I have both good news and bad news for the lovers of vintage beers. Leen and Dirk still own the former Bodega site in Kiel. There is no longer a café there: it is used only for storage. When the Kulminator opened in 1979, most of the beer in the cellar at “Biertempel Van Dyck” was not moved: There is a cellar full of beer from the 1974-1979 period still there!
A few cases of the excellent 1975 vintage Rochefort 10 ( now, sadly, totally sold out) were brought up from the cellar of Bodega in 1999. The occassion was a reception at the Kulminator for the 25th anniversary of Bodega/Biertempel Van Dyck, the 20th anniversary of the Kulminator, and 15th anniversary of the founding of the Objectieve Bierproevers (the society that promotes traditional Belgian beers and beer culture).
The wooden stairs into the Bodega cellar have collapsed so work is needed before more beer can be brought up safely from that cellar, without resorting to using a ladder, as was needed in 1999. What vintage beer treasures must reside there!
There are no pictures of either the old or the new cellar, and no one but Dirk Van Dyck may enter (“It is only for Dirk” Leen said). Those of us who have conjectured about what wonderful places these must be shall have to continue using our imagination!
At the Kulminator, cellar temperature varies from about 7 to 10 degrees Celsius (45 to 50 degrees Fahrenheit) from winter to summer. While Leen didn’t know how many bottles there might be in the cellar at the Kulminator, she did tell me that the beer cooler, when full, holds 20,000 bottles.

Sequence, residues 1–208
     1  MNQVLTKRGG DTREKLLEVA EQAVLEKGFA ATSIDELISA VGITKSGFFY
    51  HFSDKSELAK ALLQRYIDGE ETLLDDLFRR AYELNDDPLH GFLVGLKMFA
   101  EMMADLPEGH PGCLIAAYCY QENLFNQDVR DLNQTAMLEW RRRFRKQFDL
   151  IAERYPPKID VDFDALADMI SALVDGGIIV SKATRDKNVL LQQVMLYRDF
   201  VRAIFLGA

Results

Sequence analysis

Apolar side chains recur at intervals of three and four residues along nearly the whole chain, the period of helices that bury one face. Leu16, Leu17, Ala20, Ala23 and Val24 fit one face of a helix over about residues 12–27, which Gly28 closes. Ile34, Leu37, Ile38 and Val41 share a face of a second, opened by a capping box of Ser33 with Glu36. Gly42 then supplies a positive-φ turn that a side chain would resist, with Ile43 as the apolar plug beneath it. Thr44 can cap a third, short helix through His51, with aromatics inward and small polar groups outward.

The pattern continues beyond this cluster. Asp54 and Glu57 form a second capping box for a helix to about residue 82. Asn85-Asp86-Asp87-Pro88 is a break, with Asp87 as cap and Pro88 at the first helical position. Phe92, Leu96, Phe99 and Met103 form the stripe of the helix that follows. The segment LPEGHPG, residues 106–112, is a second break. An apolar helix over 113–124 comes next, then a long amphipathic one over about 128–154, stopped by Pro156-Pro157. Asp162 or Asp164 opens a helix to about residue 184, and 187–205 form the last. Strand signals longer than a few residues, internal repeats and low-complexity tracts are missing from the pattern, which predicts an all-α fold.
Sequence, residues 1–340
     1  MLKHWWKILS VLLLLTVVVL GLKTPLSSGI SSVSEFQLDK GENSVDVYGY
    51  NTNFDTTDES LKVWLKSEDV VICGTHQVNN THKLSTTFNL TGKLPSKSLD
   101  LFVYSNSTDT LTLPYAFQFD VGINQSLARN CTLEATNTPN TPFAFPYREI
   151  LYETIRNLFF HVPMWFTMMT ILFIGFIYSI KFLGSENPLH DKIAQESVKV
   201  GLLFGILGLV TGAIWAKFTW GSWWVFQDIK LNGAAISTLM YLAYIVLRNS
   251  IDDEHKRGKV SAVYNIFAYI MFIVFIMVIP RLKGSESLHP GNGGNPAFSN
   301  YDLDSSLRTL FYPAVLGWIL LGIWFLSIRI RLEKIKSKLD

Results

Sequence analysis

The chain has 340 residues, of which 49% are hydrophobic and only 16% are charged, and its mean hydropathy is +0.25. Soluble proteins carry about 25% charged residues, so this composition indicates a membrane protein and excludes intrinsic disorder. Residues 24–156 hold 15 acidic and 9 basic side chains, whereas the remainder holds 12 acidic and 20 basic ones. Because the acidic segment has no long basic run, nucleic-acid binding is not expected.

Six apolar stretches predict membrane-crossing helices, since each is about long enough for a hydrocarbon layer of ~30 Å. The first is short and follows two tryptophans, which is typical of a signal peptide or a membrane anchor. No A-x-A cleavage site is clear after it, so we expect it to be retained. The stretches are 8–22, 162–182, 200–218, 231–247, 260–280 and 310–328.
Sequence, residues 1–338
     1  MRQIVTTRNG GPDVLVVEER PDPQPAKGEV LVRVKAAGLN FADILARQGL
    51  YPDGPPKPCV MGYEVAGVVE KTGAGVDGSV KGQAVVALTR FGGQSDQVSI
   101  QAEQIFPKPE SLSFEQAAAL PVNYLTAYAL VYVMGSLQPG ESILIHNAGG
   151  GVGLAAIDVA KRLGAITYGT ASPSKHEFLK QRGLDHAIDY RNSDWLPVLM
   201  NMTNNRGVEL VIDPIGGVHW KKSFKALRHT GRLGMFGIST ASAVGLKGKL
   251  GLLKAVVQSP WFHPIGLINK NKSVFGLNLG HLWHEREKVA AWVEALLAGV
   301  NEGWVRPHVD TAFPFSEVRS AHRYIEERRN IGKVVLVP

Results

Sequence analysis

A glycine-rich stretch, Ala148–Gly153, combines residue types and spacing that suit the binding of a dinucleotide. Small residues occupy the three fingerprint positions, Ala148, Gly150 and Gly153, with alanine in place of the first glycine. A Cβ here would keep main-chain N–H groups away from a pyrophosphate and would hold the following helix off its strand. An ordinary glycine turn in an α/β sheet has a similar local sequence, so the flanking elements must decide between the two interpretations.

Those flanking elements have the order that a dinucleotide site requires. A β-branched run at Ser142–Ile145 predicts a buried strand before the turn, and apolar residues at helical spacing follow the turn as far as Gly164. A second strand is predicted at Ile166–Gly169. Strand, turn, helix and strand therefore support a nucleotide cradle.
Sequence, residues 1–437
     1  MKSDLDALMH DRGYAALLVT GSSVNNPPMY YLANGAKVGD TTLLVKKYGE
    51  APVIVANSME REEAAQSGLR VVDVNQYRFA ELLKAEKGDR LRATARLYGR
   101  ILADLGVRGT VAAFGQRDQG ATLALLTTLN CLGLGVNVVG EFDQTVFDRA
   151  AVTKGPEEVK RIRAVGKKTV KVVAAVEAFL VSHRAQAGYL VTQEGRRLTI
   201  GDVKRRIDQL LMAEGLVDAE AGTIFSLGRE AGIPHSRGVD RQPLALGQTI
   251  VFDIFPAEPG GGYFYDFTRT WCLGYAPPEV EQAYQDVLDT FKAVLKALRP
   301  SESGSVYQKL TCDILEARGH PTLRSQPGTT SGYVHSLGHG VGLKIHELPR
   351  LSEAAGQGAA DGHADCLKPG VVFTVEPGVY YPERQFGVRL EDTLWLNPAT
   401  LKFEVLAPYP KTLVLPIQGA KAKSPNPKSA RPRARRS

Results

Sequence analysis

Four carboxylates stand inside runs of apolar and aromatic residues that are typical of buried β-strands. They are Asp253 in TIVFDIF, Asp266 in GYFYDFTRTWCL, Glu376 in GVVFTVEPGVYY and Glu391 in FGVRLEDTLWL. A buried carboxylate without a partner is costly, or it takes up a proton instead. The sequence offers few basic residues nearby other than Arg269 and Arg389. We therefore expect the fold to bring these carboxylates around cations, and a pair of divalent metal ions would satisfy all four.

Leen could not recall any other cafés who were advertising aged beer for sale at the time the Kulminator opened. The idea for aging and cellaring beers first arose when Father Noel of Chimay invited Dirk and Leen to taste an aged Chimay Blue in 1974 or 1975. At the time, the beer was at least ten years old. Leen tells me that she and Dirk enjoyed it very much, and were convinced of the potential for aging and cellaring beer for later consumption. Hence, a 1965 Chimay Blue and a Trappist father may deserve much credit for the advent of aging and cellaring beer.
Vintage beer trends?
I asked Leen if she thought there had been a marked increase in beer tourism to the Kulminator in the past five years or so. “Yes,” she said, “due to the internet.” The consumption of vintage beers has also increased dramatically. Beers such as the 1986 Chimay Blue 500th Anniversary beer, which were rarely ordered until about two years ago, are going fast. “It flows away,” Leen said.
Americans tend to drink a larger proportion of vintage beers than people from other countries: “They always want special beers.”
The busiest night of the year for the Kulminator is the Friday night before the 24 Hours beer festival (24-Uur Van Het Belgische Speciaal Bier) begins. One of the busiest ever was the last one, on November 2, 2001, when surely as much vintage beer was consumed in one night as normally would be in a couple of weeks!